Meandering through the dried paddy fields one summer evening on the island of Chorão, Goa, I came upon this pedestal cross and quickly positioned myself to lock in this composition.
Flying over the state of Kerala in southern India, the visitor is struck by what seems to be an endless panoply of palm fronds blanketing the land. This dense spread of the coconut tree has come to represent Kerala’s topographic signature. It serves as our motif in the sequence of photographs below. Here in the groves, the implements and the rhythm of everyday Keralan life are disclosed. The monsoon rains lend to the scene their deep water-soaked colours.
In the realm of Portraiture, two lenses in the Canon line-up – EF 85mm f/1.2 L II and EF 135mm f/2 L – have attained occult status for their superlative optical performance and for the creative possibilities they open.
The 85L II lens was primarily conceived as a portrait lens. Not the fastest autofocus arrow in Canon’s quiver, it is best deployed in controlled, deliberate situations. With its widest aperture of f/1.2, it is a delicate tool requiring of care & skill.
The 135L lens revels in tight head shots and its fast autofocus lends it an extra edge. Stopped down, it is a splendid candidate for landscape work in the medium telephoto region.
A couple of portraits of my little niece Saraswati, taken in Panjim, Goa, are offered below.
The first image taken with 85L II underscores its signal feature: ability to cull the essentials from a composition – in this instance, the eyes – with its wafer thin depth of field at f/1.2.
The second is a quick, spontaneous capture with the 135L at an outdoors event. Here I had no choice but to make do with the angle & character of the available light at that moment. Perhaps the soft shadows in this instance enhance the profile. You decide.
Badami in the the state of Karnataka, India, is known for its ancient rock-cut temples. The sandstone ridge, overlooking the town, is set afire every day moments before sundown. In the image below, the Bhootnath temple is also seen on the banks of the lake.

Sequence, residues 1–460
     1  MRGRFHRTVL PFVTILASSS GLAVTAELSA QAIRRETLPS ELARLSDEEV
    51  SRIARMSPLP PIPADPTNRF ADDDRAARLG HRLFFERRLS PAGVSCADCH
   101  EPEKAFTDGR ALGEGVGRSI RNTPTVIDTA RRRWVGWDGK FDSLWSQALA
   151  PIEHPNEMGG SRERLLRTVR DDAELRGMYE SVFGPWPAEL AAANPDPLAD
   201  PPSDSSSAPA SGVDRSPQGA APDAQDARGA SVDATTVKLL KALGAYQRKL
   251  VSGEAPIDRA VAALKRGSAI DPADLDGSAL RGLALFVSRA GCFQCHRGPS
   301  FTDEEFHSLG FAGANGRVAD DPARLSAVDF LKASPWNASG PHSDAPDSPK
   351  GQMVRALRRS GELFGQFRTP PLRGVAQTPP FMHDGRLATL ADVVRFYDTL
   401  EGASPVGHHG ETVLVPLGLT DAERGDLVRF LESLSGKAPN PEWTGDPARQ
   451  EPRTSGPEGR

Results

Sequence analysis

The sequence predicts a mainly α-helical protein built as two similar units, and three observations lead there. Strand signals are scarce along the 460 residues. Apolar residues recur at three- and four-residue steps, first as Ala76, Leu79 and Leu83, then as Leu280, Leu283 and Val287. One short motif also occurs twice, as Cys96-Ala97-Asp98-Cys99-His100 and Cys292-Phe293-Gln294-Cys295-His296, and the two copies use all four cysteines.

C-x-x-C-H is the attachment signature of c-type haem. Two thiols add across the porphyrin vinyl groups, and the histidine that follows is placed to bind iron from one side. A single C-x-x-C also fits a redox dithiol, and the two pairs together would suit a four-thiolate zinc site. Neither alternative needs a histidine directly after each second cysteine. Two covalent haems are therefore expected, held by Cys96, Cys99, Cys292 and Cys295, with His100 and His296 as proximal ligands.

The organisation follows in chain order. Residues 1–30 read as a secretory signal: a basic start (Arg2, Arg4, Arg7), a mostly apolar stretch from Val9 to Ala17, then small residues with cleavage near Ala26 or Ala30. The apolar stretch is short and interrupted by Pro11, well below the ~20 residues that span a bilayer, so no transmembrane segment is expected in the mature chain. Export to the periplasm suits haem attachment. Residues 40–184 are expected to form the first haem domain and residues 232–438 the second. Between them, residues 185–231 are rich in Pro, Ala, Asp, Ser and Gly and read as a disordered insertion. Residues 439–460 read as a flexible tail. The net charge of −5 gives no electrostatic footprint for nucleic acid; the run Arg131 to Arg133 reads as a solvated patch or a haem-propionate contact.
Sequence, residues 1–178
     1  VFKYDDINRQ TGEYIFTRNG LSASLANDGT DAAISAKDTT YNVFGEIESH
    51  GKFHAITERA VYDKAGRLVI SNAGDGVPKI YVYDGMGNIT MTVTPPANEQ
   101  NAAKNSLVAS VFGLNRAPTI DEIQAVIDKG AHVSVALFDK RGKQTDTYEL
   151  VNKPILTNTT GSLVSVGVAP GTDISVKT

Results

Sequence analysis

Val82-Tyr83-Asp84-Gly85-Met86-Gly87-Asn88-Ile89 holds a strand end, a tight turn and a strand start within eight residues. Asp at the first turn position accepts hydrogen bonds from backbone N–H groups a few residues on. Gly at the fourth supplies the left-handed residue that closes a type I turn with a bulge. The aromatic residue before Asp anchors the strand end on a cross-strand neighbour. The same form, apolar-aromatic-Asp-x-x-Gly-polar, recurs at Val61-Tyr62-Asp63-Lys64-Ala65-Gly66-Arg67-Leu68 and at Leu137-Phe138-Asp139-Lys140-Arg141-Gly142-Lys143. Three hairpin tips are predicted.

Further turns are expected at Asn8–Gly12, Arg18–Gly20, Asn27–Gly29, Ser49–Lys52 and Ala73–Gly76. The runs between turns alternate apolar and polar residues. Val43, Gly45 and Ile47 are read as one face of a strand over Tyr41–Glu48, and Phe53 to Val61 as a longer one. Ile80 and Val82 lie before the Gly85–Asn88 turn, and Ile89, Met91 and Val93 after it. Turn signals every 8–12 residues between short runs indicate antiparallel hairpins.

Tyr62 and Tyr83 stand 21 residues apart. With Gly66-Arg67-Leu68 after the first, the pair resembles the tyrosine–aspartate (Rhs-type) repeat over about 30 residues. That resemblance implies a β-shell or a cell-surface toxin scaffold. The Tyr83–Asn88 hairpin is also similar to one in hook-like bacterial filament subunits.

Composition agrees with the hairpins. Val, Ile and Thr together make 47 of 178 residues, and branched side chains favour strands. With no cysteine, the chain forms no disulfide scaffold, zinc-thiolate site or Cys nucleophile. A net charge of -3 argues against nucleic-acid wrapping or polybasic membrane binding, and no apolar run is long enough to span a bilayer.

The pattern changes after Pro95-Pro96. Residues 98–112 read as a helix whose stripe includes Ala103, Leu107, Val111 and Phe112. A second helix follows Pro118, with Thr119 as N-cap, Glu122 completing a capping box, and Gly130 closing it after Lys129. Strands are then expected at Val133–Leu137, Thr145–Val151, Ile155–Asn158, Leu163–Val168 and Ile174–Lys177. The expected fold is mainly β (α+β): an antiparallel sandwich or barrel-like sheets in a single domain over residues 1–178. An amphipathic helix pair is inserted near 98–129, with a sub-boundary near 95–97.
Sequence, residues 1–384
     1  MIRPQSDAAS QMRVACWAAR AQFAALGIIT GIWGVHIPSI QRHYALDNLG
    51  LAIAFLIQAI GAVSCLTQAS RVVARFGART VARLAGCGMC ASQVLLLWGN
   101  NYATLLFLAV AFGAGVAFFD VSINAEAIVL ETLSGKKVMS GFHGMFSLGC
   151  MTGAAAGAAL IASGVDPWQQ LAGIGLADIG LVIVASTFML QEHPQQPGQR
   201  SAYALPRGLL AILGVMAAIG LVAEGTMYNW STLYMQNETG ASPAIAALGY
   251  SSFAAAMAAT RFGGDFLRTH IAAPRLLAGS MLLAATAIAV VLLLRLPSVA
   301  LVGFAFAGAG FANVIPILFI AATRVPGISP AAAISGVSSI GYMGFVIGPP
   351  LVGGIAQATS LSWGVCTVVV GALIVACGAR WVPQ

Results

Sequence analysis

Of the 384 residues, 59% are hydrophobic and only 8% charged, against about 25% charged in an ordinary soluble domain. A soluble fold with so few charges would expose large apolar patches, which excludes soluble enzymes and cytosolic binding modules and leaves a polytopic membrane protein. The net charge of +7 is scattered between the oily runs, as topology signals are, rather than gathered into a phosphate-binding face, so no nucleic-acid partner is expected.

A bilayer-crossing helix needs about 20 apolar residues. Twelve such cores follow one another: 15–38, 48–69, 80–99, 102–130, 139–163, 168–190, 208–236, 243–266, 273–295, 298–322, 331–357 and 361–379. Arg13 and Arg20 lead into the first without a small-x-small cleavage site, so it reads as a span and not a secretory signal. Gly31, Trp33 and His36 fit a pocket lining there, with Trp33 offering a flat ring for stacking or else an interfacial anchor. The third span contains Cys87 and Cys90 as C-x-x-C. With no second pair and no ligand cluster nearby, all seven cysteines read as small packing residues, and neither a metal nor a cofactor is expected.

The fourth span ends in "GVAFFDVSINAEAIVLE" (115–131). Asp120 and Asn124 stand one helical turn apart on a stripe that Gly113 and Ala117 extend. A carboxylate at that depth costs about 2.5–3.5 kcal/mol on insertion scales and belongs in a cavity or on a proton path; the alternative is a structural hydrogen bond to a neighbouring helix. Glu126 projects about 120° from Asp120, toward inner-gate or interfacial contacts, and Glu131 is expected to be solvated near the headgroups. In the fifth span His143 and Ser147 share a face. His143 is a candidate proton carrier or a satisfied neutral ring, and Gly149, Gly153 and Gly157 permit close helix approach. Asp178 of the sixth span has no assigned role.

Early morning drives through rural Goa are among life’s great pleasures. Goan villages have a unique physical and aesthetic appeal. The template is more or less the same: life is anchored around the local temple or the church, a key village institution for matters spiritual as well as social. Then there is the village ‘tinto’ – a hive of activity dotted with a tavern, cafe, barber shop, store, and local gossips. This languid, bucolic world is now fast fading in the face of ‘development’ and out-of-control influx invasion from the rest of India.
At the end of a crepuscular photo excursion earlier this year, I stopped by the old temple of Ravalnath in the village of Mulgaon (Moolgaon). A lone figure in the courtyard greeted me, an elderly widow named Jayashree Gaonkar, as it turned out. When I inquired after her, she replied that hers’ had been a hard life but that she is now glad to have the opportunity to “sweep the courtyard for my God every morning.” We had a good conversation. When I asked if I could take some portraits, she was overcome by shyness. After some cajoling she acceded.